# longest run@same char,allow`K replacements #70%

https://leetcode.com/problems/longest-repeating-character-replacement/

Q: Given a string `s` that consists of only uppercase English letters, you can perform at most `k` operations on that string. In one operation, you can choose any character of the string and change it to any other character. Find the length of the longest sub-string containing all repeating letters you can get after performing the above operations.

Here’s my description of the same problem:

Q: Suppose we stand by highway and watch cars of the each color. Only 26 possible colors. Cars pass fast, so sometimes we miscount.

My son says “I saw 11 red cars in a row in the fast lane”.
My daughter says “I saw 22 blue cars in a row in the middle lane”
We allow kids to miss up to 3 cars in their answer. In other words, my son may have seen only 8, 9 or 10 red cars in a row.

When we review the traffic video footage of N cars in a single lane, determine the max X cars in a row of the same color, allowing k mistakes. K < N.
====analysis
Suppose k is 3

— solution 1: O(N) use 2 variables to maintain topFrq and w i.e. winSize

Within a sliding window of size w, maintain a frq table. initialize w to a good conservative value of 4 (i.e. k+1).

If we notice top frq is 2, better than (w-k) i.e. w-k<=topFrq , then lucky we can be less conservative and we can expand the current window backward (possibly safer than fwd).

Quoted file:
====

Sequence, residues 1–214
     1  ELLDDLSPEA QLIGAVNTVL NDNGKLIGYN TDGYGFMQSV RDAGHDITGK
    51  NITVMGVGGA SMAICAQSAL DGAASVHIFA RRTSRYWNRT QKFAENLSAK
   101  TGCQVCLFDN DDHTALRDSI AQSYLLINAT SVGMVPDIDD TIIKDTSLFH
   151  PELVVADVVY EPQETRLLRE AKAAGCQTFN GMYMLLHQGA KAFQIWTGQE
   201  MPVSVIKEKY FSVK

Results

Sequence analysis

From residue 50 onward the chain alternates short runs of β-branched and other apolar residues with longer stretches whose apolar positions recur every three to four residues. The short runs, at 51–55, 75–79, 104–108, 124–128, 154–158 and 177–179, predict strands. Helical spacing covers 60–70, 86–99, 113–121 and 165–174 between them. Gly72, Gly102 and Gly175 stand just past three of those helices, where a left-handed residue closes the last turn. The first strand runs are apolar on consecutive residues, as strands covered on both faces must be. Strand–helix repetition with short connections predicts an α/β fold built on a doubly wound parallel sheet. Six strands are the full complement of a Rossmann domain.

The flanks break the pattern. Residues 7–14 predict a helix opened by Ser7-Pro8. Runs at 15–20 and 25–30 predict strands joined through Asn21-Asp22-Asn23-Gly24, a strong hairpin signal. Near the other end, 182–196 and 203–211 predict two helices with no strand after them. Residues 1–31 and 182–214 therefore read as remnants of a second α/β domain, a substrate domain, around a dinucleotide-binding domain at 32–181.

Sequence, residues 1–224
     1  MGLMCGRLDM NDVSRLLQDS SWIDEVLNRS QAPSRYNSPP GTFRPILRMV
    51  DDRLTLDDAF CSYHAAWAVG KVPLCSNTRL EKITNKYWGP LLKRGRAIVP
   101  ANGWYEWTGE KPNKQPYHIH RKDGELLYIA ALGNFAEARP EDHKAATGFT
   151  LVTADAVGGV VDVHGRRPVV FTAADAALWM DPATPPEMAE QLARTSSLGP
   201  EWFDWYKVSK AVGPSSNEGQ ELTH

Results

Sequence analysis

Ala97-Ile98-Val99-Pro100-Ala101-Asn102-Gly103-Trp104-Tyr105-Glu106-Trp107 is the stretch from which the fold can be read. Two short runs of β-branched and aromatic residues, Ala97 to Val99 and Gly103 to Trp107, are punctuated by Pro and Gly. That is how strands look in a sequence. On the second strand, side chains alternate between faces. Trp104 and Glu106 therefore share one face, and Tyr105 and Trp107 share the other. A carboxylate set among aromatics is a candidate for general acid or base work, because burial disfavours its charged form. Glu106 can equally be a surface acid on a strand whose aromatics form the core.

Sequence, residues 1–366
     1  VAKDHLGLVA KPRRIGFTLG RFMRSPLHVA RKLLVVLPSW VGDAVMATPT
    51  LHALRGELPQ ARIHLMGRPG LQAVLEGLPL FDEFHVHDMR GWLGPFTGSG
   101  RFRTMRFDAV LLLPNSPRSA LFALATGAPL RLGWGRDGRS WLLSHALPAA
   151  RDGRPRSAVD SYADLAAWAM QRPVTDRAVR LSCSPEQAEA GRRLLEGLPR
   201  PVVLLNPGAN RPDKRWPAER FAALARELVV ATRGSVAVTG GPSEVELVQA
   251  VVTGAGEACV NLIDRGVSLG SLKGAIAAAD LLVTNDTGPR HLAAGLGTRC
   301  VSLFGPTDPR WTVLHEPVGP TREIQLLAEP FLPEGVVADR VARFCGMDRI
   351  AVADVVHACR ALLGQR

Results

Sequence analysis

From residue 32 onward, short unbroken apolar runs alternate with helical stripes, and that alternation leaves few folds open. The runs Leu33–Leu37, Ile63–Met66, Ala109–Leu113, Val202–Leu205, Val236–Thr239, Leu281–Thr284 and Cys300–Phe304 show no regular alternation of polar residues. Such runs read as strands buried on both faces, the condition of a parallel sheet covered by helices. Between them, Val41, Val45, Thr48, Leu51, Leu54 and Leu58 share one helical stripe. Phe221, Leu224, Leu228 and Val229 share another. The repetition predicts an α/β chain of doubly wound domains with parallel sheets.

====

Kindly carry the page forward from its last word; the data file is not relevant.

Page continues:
After expansion, immediate try further expansion. IFF impossible i.e. w – topFrq > k, then slide the window.

If correct answer is 11 i.e there’s a 11-substring containing 8 reds, I feel my sliding window will not miss it.

# hash table expansion: implementation note #GS

(I don’t use the word “rehash” as it has another meaning in java hashmap. See separate blogpost.)

Note this blogpost applies to separate chaining as well as linear probing.

As illustrated in my re_hash_table_LinearProbing.py, the sequence of actions in an expansion is tricky. Here is what worked:

1. compute bucket id
2. insert
3. check new size. If exceeding load factor, then
1. create new bucket array
2. insert all entries, including the last one
3. reseat the pointer at the new bucket array

If you try to reduce the double-insertion of the last entry, you would try moving Step 2 to later. This is tricky and likely buggy.

Say the computed bucket id was 25, so after the expansion, you insert at (or around Bucket25), but this 25 was based on the old “capacity”. When we lookup this key, we would use the current capacity to get a bucket id of 9, so we won’t find this key.

# clean-up: non-overlapping intervals #70%

Q (L435): Given a collection of intervals, find the minimum number of intervals you need to remove to make the rest of the intervals non-overlapping.

Note:

1. You may assume the interval’s end point is always bigger than its start point.
2. Intervals like [1,2] and [2,3] have borders “touching” but they don’t overlap each other.

==== analysis:

I think this is same as the greedy room scheduler. Schedule the earliest-ending task, so to to maximize accepted meetings.

A deselected meeting is an interval removed.

# touch not cross: path between 2 corners

Q1: from p 183 [[discrete math]]: given a n x n grid. Start from north west corner moving south or east each step, towards that corner. The diagonal connecting them can be touched from north, but not crossed. print all paths

easier to treat origin as [0,0] and end as [N,N]

DFT will require deep recursion.
BFT (with color) where each node remembers all paths-from-root? Kinda brute force

Insight — Actually this is not necessarily a graph problem though it can be solved that way.